If approved by House of Representatives, Hawaii would become the 15th US state to make same-sex marriage legal
Hawaii’s state senate has approved legislation to legalise same-sex marriage in a state that has long been popular as a wedding and honeymoon destination, voting overwhelmingly to repeal a voter-approved constitutional amendment banning gay matrimony.
If the bill is approved, as expected, by the state House of Representatives – where Democrats outnumber Republicans 44-7 – Hawaii would become the 15th US state to make it legal for gay and lesbian couples to wed.
A House committee is expected to hold a hearing on the measure on Thursday; no floor action in the lower chamber has been scheduled.
Democratic governor Neil Abercrombie said the bill was crafted to address opponents’ concerns that legalising gay marriage would infringe on religious freedom. The proposal exempts clergy and churches from having to perform same-sex marriages.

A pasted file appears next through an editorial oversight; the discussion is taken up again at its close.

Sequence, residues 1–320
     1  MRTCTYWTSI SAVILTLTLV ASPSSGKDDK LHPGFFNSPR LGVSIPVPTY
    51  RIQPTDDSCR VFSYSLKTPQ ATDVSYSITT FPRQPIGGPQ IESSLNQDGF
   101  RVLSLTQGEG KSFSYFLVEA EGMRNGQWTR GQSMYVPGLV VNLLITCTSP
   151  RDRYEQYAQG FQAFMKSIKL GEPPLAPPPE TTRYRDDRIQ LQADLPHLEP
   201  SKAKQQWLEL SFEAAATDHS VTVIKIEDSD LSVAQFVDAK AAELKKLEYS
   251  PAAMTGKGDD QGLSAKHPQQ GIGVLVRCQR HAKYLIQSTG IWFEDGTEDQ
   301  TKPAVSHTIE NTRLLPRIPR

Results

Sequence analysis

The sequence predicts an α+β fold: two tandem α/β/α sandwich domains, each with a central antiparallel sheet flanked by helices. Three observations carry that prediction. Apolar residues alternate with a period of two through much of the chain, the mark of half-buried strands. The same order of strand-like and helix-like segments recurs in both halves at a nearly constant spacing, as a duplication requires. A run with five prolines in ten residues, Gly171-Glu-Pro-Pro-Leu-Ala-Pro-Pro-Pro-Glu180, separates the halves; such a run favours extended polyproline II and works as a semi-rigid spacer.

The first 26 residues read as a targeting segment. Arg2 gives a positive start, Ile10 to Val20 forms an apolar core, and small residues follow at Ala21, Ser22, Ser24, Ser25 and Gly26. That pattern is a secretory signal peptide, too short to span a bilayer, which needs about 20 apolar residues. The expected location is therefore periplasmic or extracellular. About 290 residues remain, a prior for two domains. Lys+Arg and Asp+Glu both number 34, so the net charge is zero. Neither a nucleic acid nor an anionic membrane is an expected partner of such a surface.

The vote comes at a time of increasing momentum for gay marriage in the US.
Only six states and Washington DC recognised same-sex marriage a year ago, but the number has since more than doubled. Three states – Maine, Maryland and Washington – became the first to extend marriage rights to same-sex couples by popular vote with ballot initiatives last November. Last week, the governor of New Jersey, Chris Christie, dropped his legal opposition to gay marriage, making it the 14th US state to legalise same-sex weddings.
The debate has long divided Hawaii. In 1993 its state supreme court ruled that it was discriminatory to deny marriage rights to same-sex couples. This was followed five years later by a voter-approved constitutional amendment limiting marriage to heterosexual couples.
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